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No To Rape films: “It is time we speak up”

Monday, August 10th, 2009

Thanks to the kindness of writer/director David Shiyang Liu, we are pleased to release the film-ad, “It is time we speak up”. This premiered at the No To Rape Seminar on Friday and is now available on YouTube. Please share this video with friends and family, and encourage them to sign the Petition today.

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Tamil version of petition now available

Thursday, August 6th, 2009

Thanks to the generosity of volunteers, the Tamil language version of the No To Rape Petition is now up! You can access this as a webpage or download it as a PDF file which you can send on to friends and family. Don’t forget that Chinese (simplified and traditional) and Bahasa Melayu translations are available too.

p.s. Be sure to register for tomorrow’s seminar – spaces are still available!

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Campaign Action: write to the press

Tuesday, July 28th, 2009

Remember our Campaign Actions? Every fortnight, we post a new suggestion for something you can do to be even more effective at promoting the No To Rape message. Two weeks ago we asked you to write to your MP.

The current No To Rape Campaign Action is:

Write to the press. We suggest writing to any publication you read regularly, whether it’s a newspaper like The Straits Times, Today, Lianhe Zaobao, Berita Harian, Tamil Murasu, or The Business Times; or a magazine; or a newsletter for your school or workplace or club or association.

Tell them that you think marital immunity for rape should be abolished, and why.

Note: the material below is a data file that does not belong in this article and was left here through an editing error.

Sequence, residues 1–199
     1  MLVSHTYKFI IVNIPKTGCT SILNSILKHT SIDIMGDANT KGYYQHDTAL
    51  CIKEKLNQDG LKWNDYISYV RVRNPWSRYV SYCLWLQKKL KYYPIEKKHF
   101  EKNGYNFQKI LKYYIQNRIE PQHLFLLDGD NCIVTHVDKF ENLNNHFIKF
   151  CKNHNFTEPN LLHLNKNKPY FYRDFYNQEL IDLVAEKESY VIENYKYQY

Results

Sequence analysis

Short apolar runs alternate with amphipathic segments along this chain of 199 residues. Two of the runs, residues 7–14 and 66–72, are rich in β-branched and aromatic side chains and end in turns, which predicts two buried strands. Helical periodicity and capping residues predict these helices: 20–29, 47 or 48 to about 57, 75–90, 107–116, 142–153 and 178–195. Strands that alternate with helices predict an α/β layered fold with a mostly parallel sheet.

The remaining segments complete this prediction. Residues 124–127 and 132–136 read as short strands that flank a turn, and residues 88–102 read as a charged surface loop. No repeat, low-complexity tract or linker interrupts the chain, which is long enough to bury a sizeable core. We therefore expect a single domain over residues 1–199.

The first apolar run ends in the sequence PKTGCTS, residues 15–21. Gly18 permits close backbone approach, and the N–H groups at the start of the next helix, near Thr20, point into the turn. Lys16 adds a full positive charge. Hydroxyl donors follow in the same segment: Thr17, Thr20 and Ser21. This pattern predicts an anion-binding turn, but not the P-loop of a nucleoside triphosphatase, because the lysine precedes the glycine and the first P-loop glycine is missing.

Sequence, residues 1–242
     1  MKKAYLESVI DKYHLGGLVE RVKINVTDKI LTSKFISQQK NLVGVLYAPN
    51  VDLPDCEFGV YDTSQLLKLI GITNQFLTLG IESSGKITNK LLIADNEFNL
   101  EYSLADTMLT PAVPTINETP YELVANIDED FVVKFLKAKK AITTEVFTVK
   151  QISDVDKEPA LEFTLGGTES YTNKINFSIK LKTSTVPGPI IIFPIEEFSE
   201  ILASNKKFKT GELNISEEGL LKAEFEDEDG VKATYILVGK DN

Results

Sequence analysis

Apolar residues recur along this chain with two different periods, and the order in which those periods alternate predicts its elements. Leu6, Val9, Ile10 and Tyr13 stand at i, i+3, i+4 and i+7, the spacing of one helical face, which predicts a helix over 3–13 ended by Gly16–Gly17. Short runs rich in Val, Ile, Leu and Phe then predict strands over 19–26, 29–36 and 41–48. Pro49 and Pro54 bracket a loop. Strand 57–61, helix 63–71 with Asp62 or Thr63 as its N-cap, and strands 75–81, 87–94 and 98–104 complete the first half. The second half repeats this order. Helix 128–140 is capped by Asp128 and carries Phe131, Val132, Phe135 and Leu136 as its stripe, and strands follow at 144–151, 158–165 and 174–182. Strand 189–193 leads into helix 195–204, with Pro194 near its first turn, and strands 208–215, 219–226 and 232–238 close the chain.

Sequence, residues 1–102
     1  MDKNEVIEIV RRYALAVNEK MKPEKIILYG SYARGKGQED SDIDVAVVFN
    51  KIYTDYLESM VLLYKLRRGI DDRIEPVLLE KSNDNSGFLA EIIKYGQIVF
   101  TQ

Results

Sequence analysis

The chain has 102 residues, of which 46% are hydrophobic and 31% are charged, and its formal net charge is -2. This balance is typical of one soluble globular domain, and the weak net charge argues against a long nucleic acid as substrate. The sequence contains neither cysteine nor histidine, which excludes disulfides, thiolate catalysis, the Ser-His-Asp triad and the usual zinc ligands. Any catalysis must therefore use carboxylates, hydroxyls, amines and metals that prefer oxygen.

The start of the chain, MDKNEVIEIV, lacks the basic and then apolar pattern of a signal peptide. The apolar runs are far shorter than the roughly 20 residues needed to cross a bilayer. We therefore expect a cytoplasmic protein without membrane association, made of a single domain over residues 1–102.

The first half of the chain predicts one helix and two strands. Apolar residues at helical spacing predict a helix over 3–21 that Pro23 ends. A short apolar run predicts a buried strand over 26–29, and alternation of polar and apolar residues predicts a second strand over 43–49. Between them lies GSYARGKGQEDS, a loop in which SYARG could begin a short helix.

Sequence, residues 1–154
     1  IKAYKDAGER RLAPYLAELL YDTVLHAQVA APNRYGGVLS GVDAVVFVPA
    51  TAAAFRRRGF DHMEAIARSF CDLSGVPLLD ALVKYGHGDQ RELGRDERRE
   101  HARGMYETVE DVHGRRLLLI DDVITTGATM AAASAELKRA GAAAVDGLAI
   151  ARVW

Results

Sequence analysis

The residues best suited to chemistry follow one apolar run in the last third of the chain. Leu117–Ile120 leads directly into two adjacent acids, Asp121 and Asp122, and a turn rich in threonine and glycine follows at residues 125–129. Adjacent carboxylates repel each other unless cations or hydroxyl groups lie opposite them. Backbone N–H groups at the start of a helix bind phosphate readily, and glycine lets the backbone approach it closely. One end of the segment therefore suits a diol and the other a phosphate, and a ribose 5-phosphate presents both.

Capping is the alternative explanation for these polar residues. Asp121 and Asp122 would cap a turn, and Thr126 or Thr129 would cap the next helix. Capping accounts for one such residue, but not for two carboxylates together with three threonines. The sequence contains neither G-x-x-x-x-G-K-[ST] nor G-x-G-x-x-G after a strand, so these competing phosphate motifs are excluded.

Your letter will have more impact if you use your own words. Feel free to use the FAQ the Resources in the Promote section for information or ideas.

If you’re not sure what to say, here are a few possibilities:

- At the moment, except in limited circumstances, a man who forces sex upon his wife cannot be charged for rape. This is wrong and should change because rape is violence, and spousal violence is not acceptable.

- In August is the 10th anniversary of the hearing for PP v N, a case where a man tied his wife up, gagged her and forced intercourse upon her. He could not be charged for rape. A decade later, even with changes to the law in 2007, the result would be the same.

- Marital rape happens. Signatories on the No To Rape petition have spoken of their personal experiences as victims, or their work with victims.

- Are you of a particular faith? Mention that marital immunity for rape is not supported by your religious values.

- Marital immunity does not apply to non-consensual anal or oral sex, so the police and the law are prepared to investigate non-consent in the context of marriage. They should do so in relation to all forms of sexual violence.

Please send us your letters too, and let us know if you have responses. The more we share, the more effective we’ll be.

Thank you for promoting humane standards of treatment for women in Singapore.